How are digital tools and computational methods being applied and studied in different fields? How are they catalyzing changes in our daily lives? We will use two case studies to introduce these new tools and methods, and to analyze and evaluate their scholarly and practical applications. The first case study is based on Bowdoin’s own history: how can we use new methods to recreate what Joshua Chamberlain could see at the battle of Gettysburg, and thus better understand the battle and his decisions? Next, we turn to the contemporary, and ask what is identity in the era of social media and algorithms? Students will learn the basics of the Python programming language, introductory spatial analysis with ArcGIS, elementary text and social network analysis, and basic environmental modeling. Assumes no prior knowledge of a programming language.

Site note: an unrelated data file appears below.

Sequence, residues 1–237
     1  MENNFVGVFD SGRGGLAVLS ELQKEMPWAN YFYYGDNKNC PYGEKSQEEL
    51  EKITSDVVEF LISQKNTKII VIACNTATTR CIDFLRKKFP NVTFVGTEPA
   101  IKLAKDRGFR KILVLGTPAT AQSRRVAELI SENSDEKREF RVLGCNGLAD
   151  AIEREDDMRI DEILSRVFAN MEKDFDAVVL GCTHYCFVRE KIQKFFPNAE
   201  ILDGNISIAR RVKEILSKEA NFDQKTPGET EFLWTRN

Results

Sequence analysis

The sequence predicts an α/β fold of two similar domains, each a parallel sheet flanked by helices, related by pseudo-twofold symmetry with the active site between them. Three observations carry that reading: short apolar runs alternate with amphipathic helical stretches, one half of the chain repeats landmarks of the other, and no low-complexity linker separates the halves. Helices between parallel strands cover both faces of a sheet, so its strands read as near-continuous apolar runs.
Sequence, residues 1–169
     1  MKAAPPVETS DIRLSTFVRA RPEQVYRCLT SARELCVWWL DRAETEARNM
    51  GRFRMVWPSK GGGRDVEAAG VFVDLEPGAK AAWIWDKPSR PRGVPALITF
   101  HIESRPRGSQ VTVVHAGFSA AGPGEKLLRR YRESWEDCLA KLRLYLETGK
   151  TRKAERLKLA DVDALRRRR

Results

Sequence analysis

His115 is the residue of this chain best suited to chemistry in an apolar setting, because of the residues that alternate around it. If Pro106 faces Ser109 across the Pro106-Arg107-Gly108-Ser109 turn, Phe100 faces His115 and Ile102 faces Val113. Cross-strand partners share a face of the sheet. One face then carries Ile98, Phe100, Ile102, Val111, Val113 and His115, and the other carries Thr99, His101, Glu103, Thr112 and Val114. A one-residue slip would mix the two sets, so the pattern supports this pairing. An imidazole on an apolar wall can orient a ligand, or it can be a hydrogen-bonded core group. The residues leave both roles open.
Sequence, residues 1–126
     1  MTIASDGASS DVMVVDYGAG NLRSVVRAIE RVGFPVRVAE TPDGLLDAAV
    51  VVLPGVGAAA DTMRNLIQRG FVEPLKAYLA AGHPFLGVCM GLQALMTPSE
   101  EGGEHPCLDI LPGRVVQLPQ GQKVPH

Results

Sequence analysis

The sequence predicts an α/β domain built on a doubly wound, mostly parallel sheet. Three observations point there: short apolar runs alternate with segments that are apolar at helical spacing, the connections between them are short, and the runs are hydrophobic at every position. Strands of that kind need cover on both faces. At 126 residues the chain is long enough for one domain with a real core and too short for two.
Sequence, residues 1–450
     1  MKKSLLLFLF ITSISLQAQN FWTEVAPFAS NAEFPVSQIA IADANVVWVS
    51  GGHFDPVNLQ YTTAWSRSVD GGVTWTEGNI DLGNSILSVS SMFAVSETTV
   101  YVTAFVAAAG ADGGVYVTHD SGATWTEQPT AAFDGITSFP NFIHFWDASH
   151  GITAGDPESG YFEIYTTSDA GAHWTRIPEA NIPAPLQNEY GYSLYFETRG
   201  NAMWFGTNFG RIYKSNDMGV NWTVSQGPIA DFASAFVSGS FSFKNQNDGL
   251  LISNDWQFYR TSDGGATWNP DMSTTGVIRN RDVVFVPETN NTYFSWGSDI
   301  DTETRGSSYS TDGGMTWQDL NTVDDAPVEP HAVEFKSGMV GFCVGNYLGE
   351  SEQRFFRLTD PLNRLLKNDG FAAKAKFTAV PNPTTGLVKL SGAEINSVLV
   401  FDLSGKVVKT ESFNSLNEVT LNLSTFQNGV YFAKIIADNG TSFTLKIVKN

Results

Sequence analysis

Computers and the Internet have enabled an explosion in the prediction market where everyone from political consultants to large corporations rely on an ever-increasing amount of data to make predictions that drive their decision making. Examines the topic of predictions through the lens of how it is currently impacting our world. Students learn and apply predictive analytic techniques including traditional time-series analysis, elementary Bayesian statistics, and the design of cutting-edge models through data mining and machine learning. Applications and examples focus on the methods that data analysts use to forecast future events. Readings and discussions model how to assess the quality of those predictions and interrogate the ethics of using forecasts to shape strategy and policy that have real-world implications. Instructor selects thematic content and when pertinent, applies these techniques to the case study of presidential and congressional elections.Tip sheet for advising students interested in computers and programming